Big on family life and community building, Harry Lillis Crosby (1903-1977) was born on this day in Tacoma, Washington and nicknamed Bing while in grade school after a comic strip he loved called "The Bingville Bugle."
With an easygoing crooning style, the popular entertainer began singing professionally in the early 1920s and by the 1930s had made a name for himself as a radio singing sensation.
"Show business has been my life for 50 years," he said. "It's been a long, long pull and I've had great results. I can't complain if it stops tomorrow."
With a spirit of laid back grace, Crosby was a true professional who recorded over 1,600 songs, and experimented successfully with different vocal styles, including Hawaiian, cowboy, Irish, patriotic, blues, ballads, and hymns.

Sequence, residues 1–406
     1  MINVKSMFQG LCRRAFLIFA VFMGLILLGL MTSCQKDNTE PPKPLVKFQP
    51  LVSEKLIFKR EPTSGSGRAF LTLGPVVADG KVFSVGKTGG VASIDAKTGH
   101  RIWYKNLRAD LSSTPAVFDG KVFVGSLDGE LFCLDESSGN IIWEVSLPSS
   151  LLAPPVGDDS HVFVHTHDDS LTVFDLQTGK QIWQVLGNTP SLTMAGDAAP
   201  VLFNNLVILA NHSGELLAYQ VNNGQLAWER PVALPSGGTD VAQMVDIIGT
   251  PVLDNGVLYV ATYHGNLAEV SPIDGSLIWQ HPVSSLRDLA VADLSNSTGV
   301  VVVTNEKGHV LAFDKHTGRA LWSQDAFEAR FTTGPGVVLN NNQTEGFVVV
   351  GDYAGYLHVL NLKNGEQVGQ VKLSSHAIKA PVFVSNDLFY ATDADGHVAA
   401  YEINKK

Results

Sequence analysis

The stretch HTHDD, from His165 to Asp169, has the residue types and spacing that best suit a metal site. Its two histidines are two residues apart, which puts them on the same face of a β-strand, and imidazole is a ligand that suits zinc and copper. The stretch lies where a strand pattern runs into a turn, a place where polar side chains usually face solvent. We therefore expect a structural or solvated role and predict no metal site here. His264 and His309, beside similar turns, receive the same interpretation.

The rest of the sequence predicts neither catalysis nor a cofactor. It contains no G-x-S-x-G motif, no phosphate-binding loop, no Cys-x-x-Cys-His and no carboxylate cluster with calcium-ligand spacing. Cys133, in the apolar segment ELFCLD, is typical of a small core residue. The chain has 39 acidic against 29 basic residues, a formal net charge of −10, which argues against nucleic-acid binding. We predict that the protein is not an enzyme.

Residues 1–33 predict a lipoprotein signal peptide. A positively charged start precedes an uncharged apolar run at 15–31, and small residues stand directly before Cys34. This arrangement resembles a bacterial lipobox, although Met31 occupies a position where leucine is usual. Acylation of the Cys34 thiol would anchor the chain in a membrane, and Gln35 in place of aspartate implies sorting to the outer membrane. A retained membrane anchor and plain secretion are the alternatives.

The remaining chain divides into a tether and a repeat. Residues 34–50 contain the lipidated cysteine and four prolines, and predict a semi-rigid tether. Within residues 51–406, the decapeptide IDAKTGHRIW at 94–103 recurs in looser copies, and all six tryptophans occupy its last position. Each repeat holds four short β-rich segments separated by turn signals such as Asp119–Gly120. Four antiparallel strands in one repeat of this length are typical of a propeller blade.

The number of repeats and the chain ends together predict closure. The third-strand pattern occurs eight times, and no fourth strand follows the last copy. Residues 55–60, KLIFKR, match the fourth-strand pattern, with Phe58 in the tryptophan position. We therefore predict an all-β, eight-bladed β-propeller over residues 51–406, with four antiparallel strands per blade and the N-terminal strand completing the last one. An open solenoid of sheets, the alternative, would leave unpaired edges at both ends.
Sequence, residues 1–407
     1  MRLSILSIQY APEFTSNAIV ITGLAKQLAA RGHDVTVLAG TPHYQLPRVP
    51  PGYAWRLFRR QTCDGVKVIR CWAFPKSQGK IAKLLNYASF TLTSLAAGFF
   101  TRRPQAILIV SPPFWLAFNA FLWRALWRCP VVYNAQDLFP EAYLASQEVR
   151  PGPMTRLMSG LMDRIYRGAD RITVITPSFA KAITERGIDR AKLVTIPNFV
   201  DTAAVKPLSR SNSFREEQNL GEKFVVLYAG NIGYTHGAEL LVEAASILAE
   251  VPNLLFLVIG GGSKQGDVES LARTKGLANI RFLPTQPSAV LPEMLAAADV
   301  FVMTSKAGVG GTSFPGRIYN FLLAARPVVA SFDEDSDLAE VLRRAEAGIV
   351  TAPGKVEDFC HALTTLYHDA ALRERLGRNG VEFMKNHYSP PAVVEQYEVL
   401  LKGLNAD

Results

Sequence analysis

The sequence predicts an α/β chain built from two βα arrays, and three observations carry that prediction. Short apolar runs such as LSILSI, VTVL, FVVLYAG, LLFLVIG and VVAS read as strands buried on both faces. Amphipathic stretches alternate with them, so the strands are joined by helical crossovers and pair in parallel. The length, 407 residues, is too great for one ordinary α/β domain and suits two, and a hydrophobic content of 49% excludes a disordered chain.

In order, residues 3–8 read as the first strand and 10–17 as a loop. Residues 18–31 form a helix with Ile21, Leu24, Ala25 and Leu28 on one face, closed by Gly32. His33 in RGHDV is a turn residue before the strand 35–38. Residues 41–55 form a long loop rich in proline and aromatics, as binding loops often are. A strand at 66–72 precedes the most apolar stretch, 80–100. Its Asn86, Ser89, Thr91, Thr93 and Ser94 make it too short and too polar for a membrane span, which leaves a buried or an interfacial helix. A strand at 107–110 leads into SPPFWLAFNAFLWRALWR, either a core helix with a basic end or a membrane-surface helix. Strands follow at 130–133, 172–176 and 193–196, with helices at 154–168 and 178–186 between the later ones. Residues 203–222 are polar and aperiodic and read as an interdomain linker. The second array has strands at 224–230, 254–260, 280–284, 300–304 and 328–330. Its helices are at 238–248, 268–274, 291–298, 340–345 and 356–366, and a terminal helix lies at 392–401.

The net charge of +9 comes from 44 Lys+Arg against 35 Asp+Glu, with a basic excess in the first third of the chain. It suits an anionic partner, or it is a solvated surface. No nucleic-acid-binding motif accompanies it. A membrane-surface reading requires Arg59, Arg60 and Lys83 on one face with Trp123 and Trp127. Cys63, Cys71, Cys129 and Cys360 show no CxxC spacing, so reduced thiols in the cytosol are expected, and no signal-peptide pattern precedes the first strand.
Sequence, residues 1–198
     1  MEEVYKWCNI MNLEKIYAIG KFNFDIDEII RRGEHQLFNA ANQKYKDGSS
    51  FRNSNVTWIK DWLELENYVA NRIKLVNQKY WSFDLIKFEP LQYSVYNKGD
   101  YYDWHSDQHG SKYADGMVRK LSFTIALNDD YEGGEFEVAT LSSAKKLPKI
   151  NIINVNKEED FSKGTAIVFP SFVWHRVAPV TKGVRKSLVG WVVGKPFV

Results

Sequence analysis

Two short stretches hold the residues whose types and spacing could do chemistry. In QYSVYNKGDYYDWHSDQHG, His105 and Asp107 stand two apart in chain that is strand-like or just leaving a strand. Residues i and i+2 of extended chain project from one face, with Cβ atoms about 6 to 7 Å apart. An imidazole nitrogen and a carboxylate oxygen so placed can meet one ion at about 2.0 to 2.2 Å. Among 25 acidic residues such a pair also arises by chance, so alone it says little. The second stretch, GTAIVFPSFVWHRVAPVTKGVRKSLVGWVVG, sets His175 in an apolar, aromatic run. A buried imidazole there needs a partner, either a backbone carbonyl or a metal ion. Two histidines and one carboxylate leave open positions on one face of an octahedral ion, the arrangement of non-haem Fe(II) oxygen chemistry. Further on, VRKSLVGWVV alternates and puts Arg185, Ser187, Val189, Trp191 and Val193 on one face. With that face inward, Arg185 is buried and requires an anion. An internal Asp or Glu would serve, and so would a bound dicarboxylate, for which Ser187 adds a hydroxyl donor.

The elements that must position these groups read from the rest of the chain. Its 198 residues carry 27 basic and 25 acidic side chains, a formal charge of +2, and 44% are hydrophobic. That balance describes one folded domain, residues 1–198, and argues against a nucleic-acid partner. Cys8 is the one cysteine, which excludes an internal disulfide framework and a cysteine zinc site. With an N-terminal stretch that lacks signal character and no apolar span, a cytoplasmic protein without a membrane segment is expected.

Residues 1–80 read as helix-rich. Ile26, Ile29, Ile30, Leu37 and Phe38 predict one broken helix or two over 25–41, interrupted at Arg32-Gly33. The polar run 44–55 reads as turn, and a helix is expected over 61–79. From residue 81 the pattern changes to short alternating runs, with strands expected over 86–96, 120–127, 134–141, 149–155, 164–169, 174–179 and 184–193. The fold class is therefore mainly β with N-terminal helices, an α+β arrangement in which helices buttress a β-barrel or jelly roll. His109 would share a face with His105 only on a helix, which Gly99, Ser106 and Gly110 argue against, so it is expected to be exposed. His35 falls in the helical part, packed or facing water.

In addition to his 20-year radio career, the talented performer starred in over 60 films. One film, Holiday Inn (1942) featured the Irving Berlin song White Christmas, in which Crosby's character sang lamenting having to spend the holidays in Southern California, away from his New England home. The song struck a chord with World War II soldiers stationed abroad and has remained a best-selling standard.
Crosby won a Best Actor Oscar for his portrayal of Father O'Malley in Going My Way (1944). He also embarked with Bob Hope and Dorothy Lamour on the popular "Road to" movies, complete with amiable laughs and ad-libbed quips. The trio filmed seven romps in all.
With a passion for his pipe, trout fishing, and playing golf, Crosby once said his epitaph should read: "He was an average guy who could carry a tune."
It all starts and ends with family.